toxidromes

Table source: Santos C, Olmedo R. Sedative-Hypnotic Drug Withdrawal Syndrome: Recognition and Treatment. Emergency Medicine Practice Guidelines. Evidence Based Medicine Journal. March 2017;19(7):1-20

Main Point:

The clinical picture of sympathomimetic and anticholinergic can appear similar. Both may have agitation, confusion, delirium, seizures, tachycardia, hypertension, fever, and mydriasis. Distinguishing characteristics for anticholinergic syndrome are dry skin, absent bowel sounds, and urinary retention. Remember the colloquial description for anticholinergic toxicity; “Blind as a bat, mad as a hatter, red as a beet, hot as Hades (or hot as a hare), dry as a bone, the bowel and bladder lose their tone, and the heart runs alone.” Both sympathomimetic and anticholinergic syndrome respond well to benzodiazepines. Physostigmine can be used to treat delirium associated with anticholinergic syndrome after checking the EKG for signs of Na channel blockade.

References                                

  1. Curry S, et al. Chapter 14: Neurotransmitters and Neuromodulators. Chapter in Goldfrank’s Toxicologic Emergencies, 10th edition. New York: McGraw-Hill Education, 2015, p173-201
  2. Burns MJ, Linden CH, Graudins A et al. A comparison of physostigmine and benzodiazepines for the treatment of anticholinergic poisoning. Ann Emerg Med. 2000;35:374-81.
  3. Rasimas JJ, Sachdeva KK, Donovan JW. Revival of an antidote: bedside experience with physostigmine. J Amer Acad Emerg Psychiatr. 2014;12:5–24.
  4. Suchard JR: Assessing physostigmine’s contraindication in cyclic antidepressant ingestions. J Emerg Med. 2003; 25:185-91.
  5. Santos C, Olmedo R. Sedative-Hypnotic Drug Withdrawal Syndrome: Recognition and Treatment. Emergency Medicine Practice Guidelines. Evidence Based Medicine Journal. March 2017;19(7):1-20

EM@3AM – Acute APAP Toxicity

Author: Erica Simon, DO, MHA (@E_M_Simon, EM Chief Resident, SAUSHEC, USAF) // Edited by: Alex Koyfman, MD (@EMHighAK, EM Attending Physician, UTSW / Parkland Memorial Hospital) and Brit Long, MD (@long_brit, EM Attending Physician, SAUSHEC, USAF)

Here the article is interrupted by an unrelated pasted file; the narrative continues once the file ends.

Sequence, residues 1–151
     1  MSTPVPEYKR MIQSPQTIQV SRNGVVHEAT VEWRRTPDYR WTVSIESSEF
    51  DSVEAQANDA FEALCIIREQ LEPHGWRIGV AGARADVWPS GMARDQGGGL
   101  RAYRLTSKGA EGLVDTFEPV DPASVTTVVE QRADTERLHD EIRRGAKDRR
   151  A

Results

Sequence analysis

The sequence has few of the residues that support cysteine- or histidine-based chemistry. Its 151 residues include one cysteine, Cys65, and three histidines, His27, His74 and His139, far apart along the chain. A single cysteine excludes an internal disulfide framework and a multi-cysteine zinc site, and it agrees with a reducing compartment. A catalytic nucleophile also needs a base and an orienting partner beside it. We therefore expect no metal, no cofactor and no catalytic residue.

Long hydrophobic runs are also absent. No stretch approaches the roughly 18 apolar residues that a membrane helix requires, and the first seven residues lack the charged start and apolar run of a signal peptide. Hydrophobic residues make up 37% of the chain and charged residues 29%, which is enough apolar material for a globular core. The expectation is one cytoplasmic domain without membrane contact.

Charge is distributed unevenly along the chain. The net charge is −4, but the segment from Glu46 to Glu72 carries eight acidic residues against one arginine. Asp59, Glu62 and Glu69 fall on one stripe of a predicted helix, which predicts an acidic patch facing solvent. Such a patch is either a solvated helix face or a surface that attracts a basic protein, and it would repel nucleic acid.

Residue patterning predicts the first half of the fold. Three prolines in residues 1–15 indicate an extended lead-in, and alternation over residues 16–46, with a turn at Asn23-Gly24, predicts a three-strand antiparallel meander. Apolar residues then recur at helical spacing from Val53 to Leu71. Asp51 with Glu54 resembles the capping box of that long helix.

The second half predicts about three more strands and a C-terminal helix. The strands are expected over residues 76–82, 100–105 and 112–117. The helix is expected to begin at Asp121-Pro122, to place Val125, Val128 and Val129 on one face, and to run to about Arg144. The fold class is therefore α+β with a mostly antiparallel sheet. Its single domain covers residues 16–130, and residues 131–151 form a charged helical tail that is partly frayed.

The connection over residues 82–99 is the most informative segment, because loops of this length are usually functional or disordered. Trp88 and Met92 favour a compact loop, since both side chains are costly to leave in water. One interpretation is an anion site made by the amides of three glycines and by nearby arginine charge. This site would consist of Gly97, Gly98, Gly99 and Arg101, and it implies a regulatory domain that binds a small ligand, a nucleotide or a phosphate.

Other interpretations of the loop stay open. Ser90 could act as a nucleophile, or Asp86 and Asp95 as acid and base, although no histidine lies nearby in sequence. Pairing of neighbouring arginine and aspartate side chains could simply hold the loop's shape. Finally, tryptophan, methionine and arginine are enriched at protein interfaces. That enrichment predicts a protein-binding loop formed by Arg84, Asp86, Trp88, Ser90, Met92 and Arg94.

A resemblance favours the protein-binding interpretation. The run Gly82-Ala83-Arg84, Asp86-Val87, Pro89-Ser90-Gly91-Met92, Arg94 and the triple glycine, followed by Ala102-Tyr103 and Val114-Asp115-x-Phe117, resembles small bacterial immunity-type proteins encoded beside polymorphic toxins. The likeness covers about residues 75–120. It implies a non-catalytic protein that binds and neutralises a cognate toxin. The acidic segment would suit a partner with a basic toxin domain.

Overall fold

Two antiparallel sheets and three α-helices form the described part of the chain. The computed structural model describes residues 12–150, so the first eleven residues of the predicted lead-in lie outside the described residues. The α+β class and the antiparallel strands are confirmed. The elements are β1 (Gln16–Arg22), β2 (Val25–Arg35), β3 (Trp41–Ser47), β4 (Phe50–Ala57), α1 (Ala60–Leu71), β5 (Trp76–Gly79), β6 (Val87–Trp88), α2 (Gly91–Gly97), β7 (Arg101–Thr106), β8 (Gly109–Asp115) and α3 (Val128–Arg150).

Welcome to EM@3AM, an emdocs series designed to foster your working knowledge by providing an expedited review of clinical basics. We’ll keep it short, while you keep that EM brain sharp.


A 14 year-old male with a history of major depressive disorder presents to the emergency department following a toxic ingestion. The patient reports consumption of approximately 40 extra strength Tylenol caplets (500mg each), two hours prior to arrival. The patient is nauseated and covered in non-bloody gastric contents. Upon initial examination: GCS 15. VS: HR 132, BP 128/84, RR 18, SpO2 98% on room air.

What is the patient’s diagnosis? What’s the next step in your evaluation and treatment?


Answer: Acute Acetaminophen Toxicity1-3

  • Recommended dosing: 3-4g QD; toxic dose: 150mg/kg
  • Presentation varies according to stage of toxicity:
    • Stage 1 (0.5-24 hrs): mild nausea, emesis, weakness
    • Stage 2 (24-72 hrs): hepatotoxicity +/- nephrotoxicity => RUQ abdominal pain
    • Stage 3 (72-96 hrs): hepatotoxicity peaks => nausea, vomiting, jaundice, coagulopathy
    • Stage 4 (4 days -2 wks): recovery or decompensation resulting in death
  • Evaluation:
    • Use the Rumack-Matthew nomogram for single ingestions occurring <24 hours prior to arrival:
      • Obtain AST level at 4 hours s/p ingestion: utilize nomogram to determine the appropriateness of N-acetylcysteine (NAC) treatment
    • If the time of ingestion is unknown:
      • Obtain AST level and a serum acetaminophen level => if AST is elevated or serum acetaminophen concentration >10mcg/mL = initiate NAC2,3
  • Treatment:
    • If patient presents within one hour of toxic ingestion, consider NG lavage if no contraindications.
    • NAC Loading dose: 150 mg/kg IV (max 15g) infused over 1 hr or 140 mg/kg PO
  • Pearls:
    • Rumack-Matthew nomogram should not be employed in the setting of unknown time of ingestion or chronic acetaminophen therapy.
    • NAC is most effective if initiated within 8 hours of acetaminophen ingestion.
    • Evaluate for co-ingestions: serum salicylate, serum ETOH; calculate an anion gap and an osmolar gap as appropriate. Consider UDS.
    • End point of NAC treatment: AST <100 U/L and acetaminophen <10mcg/mL or if extended therapy required: normalization of INR, resolution of encephalopathy, and decreasing AST (<1,000 U/L).3